Outside. All of you. Put your hands down first. But keep them in sight. And remember, even if you can’t see it, I’ve got my gun pointed at you. The man slid the gun into his jacket pocket.

Gina blinked rapidly as she stepped outside. She looked at the short shadow she cast on the bitumen of the car park and wondered what her sister would think when she returned to find her missing.

Any of you have a car here?

I do. Connor’s voice was almost a squeak. He cleared his throat and shot a hasty look towards Gina.

She almost shook her head, unable to believe he was worrying about his image at a time like this. Then her gaze returned to the gunman and she swallowed hard. She wasn’t seventeen yet. Three more days. She wanted to live to see her seventeenth birthday. This wasn’t right. Nothing about this day had been right. It should have been someone else here today. Not her.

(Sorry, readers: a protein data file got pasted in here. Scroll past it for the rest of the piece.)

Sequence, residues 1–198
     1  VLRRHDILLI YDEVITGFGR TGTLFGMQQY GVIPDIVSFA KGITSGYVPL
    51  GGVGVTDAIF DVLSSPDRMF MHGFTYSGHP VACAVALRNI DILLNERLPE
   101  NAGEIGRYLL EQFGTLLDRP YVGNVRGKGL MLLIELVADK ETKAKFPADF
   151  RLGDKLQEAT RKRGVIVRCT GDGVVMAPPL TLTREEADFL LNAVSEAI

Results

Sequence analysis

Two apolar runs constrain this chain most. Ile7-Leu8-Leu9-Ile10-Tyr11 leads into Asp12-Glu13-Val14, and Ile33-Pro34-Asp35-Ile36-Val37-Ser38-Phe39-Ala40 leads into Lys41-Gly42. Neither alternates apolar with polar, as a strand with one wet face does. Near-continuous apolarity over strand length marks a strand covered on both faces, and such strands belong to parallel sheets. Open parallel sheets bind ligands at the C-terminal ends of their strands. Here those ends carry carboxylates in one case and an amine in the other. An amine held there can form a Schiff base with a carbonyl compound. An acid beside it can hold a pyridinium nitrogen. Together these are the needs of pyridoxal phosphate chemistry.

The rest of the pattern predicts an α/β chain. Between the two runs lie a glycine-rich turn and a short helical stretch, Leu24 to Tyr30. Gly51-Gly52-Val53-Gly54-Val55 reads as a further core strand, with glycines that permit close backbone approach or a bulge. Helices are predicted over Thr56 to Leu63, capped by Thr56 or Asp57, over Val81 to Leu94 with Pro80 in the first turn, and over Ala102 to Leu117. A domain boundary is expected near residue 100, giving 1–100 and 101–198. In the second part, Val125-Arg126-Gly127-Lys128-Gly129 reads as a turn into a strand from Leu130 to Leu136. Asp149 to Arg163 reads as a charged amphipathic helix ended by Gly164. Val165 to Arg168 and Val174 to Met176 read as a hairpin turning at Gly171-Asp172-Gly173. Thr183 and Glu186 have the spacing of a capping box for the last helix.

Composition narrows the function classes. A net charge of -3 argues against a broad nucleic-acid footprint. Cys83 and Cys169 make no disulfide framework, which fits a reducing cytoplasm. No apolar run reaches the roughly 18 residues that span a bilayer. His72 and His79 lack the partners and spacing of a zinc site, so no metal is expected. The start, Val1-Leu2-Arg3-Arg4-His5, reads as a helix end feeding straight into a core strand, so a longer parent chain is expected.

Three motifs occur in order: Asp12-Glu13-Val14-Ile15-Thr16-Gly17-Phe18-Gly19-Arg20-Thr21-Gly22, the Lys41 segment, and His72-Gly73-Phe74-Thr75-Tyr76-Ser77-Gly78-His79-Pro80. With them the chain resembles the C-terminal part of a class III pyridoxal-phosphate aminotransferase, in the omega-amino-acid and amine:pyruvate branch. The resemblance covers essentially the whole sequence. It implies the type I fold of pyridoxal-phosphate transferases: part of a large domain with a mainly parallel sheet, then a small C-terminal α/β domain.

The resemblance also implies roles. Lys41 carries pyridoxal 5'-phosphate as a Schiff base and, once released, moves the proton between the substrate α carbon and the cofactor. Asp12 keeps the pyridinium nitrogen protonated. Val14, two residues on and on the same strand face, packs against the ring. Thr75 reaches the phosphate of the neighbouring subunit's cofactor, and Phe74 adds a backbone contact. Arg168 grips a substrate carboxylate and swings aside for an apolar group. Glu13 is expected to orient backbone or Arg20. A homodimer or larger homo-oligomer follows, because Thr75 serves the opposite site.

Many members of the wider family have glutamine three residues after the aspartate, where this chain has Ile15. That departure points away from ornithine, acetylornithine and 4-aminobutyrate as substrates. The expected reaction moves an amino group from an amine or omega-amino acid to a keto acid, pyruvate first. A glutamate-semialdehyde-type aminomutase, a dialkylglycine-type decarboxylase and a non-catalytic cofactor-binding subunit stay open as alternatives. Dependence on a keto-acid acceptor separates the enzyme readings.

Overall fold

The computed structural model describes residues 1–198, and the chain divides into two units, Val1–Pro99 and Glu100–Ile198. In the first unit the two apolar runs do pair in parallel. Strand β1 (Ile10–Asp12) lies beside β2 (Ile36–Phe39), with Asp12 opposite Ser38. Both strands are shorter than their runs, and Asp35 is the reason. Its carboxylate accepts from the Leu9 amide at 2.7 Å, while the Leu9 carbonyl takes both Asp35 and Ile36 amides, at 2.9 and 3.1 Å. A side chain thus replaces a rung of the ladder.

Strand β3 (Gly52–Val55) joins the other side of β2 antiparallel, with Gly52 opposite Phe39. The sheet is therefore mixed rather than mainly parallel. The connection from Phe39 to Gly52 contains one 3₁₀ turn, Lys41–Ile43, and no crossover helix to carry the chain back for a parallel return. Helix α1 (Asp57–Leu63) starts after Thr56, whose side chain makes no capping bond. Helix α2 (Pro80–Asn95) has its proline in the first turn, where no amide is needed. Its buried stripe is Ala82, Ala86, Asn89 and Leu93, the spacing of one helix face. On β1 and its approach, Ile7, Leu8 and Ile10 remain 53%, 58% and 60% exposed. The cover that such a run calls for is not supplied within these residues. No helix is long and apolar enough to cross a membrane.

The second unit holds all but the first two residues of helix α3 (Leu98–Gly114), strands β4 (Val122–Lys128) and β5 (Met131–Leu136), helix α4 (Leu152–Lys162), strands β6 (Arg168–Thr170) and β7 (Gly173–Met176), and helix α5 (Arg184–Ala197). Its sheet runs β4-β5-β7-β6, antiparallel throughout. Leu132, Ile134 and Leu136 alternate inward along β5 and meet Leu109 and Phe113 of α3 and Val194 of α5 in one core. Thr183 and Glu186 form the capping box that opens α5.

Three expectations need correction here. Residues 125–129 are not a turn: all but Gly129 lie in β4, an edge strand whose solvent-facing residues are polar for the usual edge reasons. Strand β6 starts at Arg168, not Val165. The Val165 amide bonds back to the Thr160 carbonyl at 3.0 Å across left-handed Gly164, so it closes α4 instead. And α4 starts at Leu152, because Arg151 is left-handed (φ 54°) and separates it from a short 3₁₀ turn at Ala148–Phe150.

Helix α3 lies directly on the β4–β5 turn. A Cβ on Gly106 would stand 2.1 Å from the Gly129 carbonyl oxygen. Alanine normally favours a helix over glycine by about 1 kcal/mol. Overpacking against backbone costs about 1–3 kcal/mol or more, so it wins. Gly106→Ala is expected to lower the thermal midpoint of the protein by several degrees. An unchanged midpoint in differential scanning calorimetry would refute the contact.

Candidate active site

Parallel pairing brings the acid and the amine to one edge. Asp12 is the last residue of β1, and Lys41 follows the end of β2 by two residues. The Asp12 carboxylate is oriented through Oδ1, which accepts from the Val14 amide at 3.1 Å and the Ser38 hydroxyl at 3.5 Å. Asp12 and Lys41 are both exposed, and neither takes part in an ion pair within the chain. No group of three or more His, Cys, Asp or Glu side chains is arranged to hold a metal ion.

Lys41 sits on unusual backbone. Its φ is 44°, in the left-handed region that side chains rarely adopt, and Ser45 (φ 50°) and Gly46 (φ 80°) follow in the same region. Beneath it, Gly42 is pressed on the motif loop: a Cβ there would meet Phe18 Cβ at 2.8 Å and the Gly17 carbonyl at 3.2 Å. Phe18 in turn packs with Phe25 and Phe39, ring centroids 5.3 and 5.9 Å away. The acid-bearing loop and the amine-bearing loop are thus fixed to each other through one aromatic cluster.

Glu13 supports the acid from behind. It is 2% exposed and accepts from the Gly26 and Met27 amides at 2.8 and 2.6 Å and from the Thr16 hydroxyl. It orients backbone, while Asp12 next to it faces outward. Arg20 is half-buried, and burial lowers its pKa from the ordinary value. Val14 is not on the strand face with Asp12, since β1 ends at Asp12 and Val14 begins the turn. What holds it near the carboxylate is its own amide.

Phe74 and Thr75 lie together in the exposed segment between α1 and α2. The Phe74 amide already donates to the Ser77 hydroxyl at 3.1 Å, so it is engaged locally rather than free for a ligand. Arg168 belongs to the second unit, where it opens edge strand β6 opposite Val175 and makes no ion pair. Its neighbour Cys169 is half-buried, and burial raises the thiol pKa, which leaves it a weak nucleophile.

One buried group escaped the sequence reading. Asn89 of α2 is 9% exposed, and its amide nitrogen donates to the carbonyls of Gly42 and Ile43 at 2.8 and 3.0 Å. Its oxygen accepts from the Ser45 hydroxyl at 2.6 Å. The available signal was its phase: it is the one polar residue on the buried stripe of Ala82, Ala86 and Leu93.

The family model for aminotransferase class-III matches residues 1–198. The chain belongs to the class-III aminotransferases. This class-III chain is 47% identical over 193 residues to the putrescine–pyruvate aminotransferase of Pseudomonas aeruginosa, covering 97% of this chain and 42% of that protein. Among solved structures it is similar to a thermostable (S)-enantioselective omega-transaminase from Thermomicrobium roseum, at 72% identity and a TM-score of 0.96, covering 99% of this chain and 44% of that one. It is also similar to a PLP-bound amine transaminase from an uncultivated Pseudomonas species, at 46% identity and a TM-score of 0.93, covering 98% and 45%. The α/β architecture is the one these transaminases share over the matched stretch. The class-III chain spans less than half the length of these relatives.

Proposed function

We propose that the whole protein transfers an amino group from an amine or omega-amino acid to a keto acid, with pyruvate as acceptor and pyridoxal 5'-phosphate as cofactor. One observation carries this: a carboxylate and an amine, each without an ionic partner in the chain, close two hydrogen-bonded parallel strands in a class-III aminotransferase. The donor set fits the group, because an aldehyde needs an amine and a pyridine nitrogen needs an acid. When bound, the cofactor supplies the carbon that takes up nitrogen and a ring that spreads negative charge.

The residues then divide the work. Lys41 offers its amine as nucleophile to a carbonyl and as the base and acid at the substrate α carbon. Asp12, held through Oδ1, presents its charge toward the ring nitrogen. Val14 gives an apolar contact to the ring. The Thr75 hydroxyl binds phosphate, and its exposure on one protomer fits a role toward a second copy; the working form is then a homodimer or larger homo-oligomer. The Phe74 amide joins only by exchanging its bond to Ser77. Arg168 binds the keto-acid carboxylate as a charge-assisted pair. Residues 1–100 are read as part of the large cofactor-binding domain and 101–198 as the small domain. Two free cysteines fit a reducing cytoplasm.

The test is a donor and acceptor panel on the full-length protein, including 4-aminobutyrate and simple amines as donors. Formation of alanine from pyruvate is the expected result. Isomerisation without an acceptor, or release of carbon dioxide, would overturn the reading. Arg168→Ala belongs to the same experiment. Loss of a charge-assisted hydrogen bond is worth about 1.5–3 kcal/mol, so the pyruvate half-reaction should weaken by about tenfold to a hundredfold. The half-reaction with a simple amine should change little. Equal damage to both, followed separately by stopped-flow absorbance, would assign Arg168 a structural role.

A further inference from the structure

Where is it? Which car? The man pulled a handkerchief from his pocket and mopped his forehead. A shudder went through him and he started coughing.

Maybe he’d shoot himself. Gina sent quick looks in his direction. No such luck. The coughing fit subsided along with her hopes.

Lead the way, boy. No time to waste. Come on. They’re getting closer. I can hear them.

Gina glanced around. Hear them! The man was a lunatic. She couldn’t hear anyone. But she wasn’t going to argue with him. Instead, she forced herself to follow Connor, who now led the way. She glanced towards the other boy. His skin had lost what little colour it had and he looked as ill as she felt.

Connor pulled keys from his pocket as they approached a four-wheel-drive parked crookedly in two parking bays. He unlocked the doors with a push of a button and looked towards the gunman.